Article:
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Oil: from war to embargo

Relevance up to 08:00 2022-03-13 UTC–4

Rumors of a ban on Russian oil imports have stirred up financial markets and pushed Brent futures to their highest levels since 2008. If you refuse the services of a country that consistently supplies 10% of the global black gold supply, prices will be significantly higher. According to OPEC Secretary General Mohammad Barkindo, there is not enough capacity in the world to replace Russia’s contribution to the crude oil markets. Moscow is afraid that in this scenario, the cost of the North Sea variety could soar to $300 per barrel, which will definitely lead the world economy into recession.

The fact that the sanctions do not affect the energy sector of the Russian Federation allows them to be smoothed out. The Kremlin still has the ability to get dollars for the oil and gas it supplies, so it will be bad, but it’s still far from hell. And if the U.S., where the share of Russian imports of oil is a modest 8%, are ready to abandon it, then Europe, led by Germany with their 30-40%, is well aware of what the embargo can threaten. Berlin resists, and Moscow continues to put pressure on it, threatening to shut off Nord Stream 1 in response to the sanctions on Nord Stream 2. As a result, gas prices in Europe jumped by a third, to EUR285 per megawatt hour in a day, and then retreated slightly to EUR235. A year ago, it was about EUR9 per MWh.

Dynamics of Russia’s share in world oil supplies

The Eurozone is already facing the fastest rise in inflation in its history, with a third of the CPI increase attributable to energy prices. That is, with a proposal that will not be affected by the ECB’s monetary policy. An increase in household spending is fraught with a serious slowdown in GDP, that is, stagflation. Or stagflation at the same time as a recession, which is even worse. The future of millions of Europeans is at stake, which is why Germany is not yet going along with the U.S. proposal for an embargo on Russian oil. The markets are well aware that it is one thing to remove the supply for 400,000 bpd, another for 5 million bpd. If China and India participate in this, we will talk about a much larger amount.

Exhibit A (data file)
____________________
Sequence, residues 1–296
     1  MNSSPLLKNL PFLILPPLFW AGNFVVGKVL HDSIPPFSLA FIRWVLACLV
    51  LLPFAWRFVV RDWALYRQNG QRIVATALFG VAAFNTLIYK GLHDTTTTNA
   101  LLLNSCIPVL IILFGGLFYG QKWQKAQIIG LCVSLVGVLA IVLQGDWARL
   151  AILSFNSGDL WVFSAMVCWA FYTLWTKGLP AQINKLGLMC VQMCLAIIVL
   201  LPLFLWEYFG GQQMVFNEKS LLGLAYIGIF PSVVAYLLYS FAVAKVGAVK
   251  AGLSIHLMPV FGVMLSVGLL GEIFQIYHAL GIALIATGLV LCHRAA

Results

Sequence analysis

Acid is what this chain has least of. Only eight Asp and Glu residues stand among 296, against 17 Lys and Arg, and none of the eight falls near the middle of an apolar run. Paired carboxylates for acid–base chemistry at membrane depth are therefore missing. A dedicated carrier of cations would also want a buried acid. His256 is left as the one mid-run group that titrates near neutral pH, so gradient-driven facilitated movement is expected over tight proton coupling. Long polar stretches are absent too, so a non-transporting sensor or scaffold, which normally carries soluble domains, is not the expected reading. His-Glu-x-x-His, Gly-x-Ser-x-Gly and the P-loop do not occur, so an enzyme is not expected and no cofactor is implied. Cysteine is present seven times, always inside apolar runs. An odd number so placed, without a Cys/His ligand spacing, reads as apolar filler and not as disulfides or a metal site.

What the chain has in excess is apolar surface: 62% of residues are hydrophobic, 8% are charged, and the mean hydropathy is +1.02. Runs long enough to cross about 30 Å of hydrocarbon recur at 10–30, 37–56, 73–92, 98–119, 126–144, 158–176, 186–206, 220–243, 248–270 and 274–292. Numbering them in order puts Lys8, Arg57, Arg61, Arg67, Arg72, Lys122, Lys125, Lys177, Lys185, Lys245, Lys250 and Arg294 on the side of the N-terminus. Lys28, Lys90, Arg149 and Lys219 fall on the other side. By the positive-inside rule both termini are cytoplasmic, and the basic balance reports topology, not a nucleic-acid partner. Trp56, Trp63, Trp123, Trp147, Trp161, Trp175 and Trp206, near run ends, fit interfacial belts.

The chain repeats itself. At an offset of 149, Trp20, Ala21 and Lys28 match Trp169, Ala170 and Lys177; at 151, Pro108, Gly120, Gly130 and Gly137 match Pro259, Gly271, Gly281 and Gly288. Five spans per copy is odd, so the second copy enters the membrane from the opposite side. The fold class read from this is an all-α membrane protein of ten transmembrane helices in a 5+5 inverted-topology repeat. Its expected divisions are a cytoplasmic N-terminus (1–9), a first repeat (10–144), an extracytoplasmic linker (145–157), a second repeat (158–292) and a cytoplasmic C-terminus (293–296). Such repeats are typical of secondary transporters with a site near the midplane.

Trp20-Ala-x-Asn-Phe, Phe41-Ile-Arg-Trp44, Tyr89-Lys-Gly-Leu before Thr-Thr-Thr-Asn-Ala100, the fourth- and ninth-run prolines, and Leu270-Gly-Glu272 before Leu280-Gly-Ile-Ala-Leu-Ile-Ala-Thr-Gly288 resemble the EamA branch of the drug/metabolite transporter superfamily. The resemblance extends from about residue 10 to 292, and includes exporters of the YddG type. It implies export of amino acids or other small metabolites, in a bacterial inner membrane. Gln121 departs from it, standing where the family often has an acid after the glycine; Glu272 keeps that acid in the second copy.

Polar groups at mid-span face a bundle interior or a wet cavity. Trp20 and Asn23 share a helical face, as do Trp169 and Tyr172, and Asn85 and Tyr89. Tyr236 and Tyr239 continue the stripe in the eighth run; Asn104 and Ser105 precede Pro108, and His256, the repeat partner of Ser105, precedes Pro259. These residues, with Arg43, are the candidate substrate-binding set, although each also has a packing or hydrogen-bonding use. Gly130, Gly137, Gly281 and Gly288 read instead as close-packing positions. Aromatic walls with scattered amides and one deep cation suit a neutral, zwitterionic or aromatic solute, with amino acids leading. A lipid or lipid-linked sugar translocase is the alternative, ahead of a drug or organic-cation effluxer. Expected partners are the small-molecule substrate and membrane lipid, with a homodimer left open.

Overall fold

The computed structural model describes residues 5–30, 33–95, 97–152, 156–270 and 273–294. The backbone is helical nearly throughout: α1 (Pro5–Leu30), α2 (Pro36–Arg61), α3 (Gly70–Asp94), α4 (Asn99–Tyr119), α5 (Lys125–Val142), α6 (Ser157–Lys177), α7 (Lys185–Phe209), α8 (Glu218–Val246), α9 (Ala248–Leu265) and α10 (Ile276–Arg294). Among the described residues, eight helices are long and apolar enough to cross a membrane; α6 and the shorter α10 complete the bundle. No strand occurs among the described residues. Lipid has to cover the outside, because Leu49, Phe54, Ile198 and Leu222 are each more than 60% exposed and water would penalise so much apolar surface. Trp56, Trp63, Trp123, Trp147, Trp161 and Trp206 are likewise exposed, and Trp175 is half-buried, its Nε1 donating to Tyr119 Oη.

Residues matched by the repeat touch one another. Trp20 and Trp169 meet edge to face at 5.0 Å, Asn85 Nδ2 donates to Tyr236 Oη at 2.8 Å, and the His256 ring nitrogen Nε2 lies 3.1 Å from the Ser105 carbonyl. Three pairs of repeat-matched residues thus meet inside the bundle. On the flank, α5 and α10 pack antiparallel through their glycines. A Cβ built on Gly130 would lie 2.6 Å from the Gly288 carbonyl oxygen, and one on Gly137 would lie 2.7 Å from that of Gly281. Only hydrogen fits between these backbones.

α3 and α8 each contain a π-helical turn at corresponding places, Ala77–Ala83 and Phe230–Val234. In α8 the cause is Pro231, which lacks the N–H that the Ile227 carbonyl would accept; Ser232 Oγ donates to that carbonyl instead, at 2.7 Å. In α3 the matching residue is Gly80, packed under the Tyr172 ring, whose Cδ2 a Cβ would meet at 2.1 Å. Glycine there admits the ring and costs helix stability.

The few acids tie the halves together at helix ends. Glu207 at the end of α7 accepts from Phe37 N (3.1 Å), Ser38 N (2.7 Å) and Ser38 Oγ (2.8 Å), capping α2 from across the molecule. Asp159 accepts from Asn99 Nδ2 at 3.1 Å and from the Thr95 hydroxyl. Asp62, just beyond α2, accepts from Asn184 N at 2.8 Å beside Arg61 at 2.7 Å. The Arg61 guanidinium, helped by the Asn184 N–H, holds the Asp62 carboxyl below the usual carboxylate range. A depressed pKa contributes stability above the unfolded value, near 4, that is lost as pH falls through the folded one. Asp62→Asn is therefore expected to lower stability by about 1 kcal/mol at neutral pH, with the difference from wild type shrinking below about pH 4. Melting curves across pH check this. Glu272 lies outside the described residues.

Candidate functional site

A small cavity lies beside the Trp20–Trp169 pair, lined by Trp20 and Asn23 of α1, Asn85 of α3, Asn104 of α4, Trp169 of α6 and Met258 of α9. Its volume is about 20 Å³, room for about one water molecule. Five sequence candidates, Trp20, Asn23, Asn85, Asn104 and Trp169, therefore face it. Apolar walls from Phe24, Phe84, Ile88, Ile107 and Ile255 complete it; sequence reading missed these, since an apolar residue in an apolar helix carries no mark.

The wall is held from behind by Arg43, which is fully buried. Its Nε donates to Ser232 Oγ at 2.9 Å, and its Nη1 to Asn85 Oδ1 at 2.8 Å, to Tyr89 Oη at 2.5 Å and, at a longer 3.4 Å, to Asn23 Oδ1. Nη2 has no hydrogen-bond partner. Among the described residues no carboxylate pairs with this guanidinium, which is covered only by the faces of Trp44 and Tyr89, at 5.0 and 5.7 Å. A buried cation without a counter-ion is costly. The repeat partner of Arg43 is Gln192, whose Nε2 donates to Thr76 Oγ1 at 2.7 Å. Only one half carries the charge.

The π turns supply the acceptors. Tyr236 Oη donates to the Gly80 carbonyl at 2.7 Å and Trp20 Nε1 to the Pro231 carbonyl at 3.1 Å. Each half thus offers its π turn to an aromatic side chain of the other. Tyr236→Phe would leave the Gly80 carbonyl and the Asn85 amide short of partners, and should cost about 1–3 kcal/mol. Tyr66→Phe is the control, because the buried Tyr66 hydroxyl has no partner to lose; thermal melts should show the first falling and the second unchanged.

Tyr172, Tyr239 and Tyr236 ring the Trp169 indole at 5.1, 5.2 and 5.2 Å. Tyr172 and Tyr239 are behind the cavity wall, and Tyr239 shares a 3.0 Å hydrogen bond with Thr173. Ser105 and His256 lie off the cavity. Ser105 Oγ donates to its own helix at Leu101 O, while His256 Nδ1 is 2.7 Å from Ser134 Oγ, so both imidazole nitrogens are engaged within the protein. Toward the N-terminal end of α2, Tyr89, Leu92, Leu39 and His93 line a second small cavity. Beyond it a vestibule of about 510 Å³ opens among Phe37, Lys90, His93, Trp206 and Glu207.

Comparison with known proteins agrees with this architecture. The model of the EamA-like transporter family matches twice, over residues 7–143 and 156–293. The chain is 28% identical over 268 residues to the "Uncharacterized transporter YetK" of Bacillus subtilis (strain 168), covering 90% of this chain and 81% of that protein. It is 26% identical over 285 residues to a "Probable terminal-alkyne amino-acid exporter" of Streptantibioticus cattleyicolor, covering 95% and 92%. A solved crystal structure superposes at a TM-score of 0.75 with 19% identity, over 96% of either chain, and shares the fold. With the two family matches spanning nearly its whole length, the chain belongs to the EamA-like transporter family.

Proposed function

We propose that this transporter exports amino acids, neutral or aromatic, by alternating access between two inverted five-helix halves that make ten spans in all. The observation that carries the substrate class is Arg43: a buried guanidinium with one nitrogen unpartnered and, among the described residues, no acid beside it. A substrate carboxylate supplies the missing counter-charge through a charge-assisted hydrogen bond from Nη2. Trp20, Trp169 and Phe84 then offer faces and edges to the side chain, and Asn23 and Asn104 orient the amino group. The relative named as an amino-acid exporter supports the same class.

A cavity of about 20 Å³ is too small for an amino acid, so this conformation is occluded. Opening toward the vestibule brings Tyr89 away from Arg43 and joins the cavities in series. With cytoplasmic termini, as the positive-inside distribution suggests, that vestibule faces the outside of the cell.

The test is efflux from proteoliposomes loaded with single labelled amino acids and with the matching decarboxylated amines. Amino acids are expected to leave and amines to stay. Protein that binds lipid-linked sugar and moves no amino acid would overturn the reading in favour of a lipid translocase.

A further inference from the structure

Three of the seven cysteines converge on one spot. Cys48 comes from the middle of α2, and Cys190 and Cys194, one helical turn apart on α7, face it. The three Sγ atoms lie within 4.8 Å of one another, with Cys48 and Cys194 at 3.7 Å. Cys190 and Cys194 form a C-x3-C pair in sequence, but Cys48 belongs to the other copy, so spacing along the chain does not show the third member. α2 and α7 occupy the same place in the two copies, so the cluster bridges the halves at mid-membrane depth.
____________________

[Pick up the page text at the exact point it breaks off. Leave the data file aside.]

However, an unofficial embargo is already in place. Despite the huge discount with which Moscow offers the Urals in relation to Brent, it is not easy to find buyers. Shell Plc’s recent purchase of Russian oil has drawn strong condemnation from the global community, with TotalEnergies SE saying it will no longer purchase black gold from the country.

Supply issues and fears of a ban on oil imports from the Russian Federation are fueling the continuation of the North Sea rally and widening the differential between the spot and futures market to record highs. Backwardation has never been so strong, and people say: “sell me now as much as you have, and I will buy as much as I can.” In such a situation, one can only guess when demand will begin to decline due to excessively high prices, and manufacturers will increase the number of drilling rigs.

Technically, the upward trend is so strong that going against it is suicide. We are increasing the longs formed from the levels of $102 and $104 per barrel in the expectation of price growth to $135 and $150.

Brent, Daily chart

*The market analysis posted here is meant to increase your awareness, but not to give instructions to make a trade.

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